State of Matterless #27
A new sprint has started! As we march onward to build 0.6, here’s a look at how our developers are crafting matterless magic.
Shady Shiba Shaders
Improving the shared experience of the Incos app is a top priority because, after all, augmented reality that isn’t shareable is not any kind of reality but a hallucination. Think about it — if an AR creature is only something you can see, then it feels weird to try to explain it and show it to someone else. If you give away your phone so they can see it, you're left there standing next to nothing like a crazy person.
Reality can only be experienced if shared.
One aspect that greatly enhances a sense of digital being real is being able to distinguish your Inco from other users. Recently, our 3D artist Merlin has been experimenting with procedural shaders on our Shiba model.
Utilizing custom color ID maps to mask off sections of the model through RGBA channels, we can customize it with unique fur patterns and color options for the eyes, chest, back, and more. We will use data from a user’s unique ID to derive a unique combination of fur patterns and color combinations, resulting in a bespoke matterless Shiba that is distinct for each account. We believe this instills a stronger sense of ownership within each user! Custom Shiba colors will be in build 0.6, so support our Patreon to access our closed beta and own your unique digi-doggo.
Testing, Testing, Testing
Ensuring that the key features of our apps, such as instant calibration, positional accuracy, and hand reconstruction, meet our design requirements and function as intended is a complex task. This is the domain of QA tester and expert bug squasher, Thomas! With the recent release of our Incos app’s hand interaction feature, you can imagine Thomas spending a good amount of time in the prior weeks petting his AR Shiba in a variety of circumstances. Then, he relayed his findings to the team to improve the hand tracking precision. Other challenges for the QA department include adjusting our code after switching to the new Auki SDK, and resolving issues with game audio fading in and out, as well as re-scanning another player’s QR code.
In addition to manual tests like this, others are simpler and more repetitive; testing the communication between the Incos app and the server is a time-consuming but critical process. To cut the time and cost of backend tests Thomas is developing a framework that can automate them. He continues to prove invaluable at keeping our development progress on target. Some heroes don't wear capes.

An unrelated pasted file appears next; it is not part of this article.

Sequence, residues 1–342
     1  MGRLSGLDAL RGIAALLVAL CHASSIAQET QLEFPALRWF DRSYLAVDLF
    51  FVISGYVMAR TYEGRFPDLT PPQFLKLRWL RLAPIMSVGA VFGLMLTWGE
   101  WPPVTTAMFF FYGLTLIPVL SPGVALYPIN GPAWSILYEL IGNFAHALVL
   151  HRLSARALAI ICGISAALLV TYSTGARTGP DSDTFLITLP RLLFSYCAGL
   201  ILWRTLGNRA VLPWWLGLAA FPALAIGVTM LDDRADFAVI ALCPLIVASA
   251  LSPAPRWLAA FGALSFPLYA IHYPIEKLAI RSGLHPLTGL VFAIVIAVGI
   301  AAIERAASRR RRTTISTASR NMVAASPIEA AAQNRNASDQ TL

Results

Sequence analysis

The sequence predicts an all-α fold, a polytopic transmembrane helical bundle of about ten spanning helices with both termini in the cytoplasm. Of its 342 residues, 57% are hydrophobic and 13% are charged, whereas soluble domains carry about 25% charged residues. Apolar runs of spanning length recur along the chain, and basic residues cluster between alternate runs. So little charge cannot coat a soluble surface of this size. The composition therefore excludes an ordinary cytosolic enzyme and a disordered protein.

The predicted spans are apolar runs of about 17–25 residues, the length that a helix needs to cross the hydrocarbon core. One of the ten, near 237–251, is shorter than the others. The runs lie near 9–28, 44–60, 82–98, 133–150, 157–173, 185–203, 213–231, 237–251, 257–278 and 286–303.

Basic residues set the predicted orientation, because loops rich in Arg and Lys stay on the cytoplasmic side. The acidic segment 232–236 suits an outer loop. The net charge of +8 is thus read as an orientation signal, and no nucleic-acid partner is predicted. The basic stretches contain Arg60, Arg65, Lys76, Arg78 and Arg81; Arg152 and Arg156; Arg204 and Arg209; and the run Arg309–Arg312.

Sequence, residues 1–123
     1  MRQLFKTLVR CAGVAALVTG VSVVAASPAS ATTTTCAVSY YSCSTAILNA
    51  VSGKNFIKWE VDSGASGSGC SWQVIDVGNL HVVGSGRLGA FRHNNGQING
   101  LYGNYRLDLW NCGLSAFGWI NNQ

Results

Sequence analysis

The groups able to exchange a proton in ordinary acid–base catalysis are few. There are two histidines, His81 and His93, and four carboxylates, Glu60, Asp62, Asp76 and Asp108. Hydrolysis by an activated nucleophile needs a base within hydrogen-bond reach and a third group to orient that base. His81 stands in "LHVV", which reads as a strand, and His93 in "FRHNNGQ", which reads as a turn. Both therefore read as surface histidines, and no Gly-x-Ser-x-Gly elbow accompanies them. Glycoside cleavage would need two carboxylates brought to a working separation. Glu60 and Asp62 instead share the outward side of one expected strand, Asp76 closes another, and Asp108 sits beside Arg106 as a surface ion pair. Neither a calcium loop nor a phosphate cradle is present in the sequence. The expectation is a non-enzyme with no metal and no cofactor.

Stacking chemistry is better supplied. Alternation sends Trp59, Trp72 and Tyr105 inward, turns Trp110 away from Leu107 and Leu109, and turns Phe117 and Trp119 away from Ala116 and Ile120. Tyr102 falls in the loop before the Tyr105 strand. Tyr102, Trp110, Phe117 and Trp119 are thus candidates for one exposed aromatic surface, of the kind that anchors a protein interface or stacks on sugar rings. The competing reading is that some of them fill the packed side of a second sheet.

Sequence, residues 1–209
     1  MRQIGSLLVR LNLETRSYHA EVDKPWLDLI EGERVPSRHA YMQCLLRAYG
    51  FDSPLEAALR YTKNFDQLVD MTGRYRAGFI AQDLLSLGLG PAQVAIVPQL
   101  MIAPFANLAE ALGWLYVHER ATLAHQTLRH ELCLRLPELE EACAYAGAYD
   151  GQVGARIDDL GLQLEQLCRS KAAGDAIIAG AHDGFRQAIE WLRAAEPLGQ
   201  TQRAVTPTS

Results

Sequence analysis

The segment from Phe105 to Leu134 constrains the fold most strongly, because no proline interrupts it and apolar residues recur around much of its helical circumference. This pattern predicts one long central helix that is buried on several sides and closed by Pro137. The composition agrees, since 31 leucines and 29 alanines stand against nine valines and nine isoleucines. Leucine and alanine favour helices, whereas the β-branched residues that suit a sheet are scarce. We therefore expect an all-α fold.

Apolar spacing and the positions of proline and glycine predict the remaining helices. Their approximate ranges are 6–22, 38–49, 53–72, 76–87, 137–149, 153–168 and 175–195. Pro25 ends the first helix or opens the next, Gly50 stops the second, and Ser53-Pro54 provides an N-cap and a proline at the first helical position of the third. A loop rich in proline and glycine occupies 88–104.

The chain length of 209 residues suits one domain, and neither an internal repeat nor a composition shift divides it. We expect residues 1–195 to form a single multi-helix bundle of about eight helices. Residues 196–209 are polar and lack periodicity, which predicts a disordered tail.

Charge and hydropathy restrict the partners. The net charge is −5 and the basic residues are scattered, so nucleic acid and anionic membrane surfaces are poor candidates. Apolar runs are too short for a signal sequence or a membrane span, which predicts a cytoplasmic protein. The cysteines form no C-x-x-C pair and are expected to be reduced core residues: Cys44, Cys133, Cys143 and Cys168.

Sounding Off on Dogs and Cars
Let's dive into aural design. Dusko has been developing effects for both Incos and Floor It (the name of our hovercar app). With the former, he’s crafted sound effects for the Inco spawning into the world by keyframing the spawning animation to the effect of evoking a magical feel better when the Inco appears. Another effect he incorporated is touch-response signaling when the app has registered an interaction with your hand. That means you will get one more sense in congruence the moment you try petting a digital creature. You can both see and hear the moment you are close to the space a digital being is in. We’re experimenting with different concepts for this sound, so let’s see what the team settles on by the time the next build rolls in!
For Floor It, Dusko studied different types of propulsion and thrusters to figure out what our hovercars should sound like as they speed across the ground. He then programmed an array of synthesizers to generate vehicular sounds simulating different kinds of propulsion. The main types of sounds include internal combustion engines and electromagnetic crackles. The next step is to create a modular sound library. Then we can mix these different engine sounds and create something that Dusko and the rest of the team agree would suit a hovercar best.
So much more is happening on our Discord, so join and have a chat with us.
— Kerwin, social media manager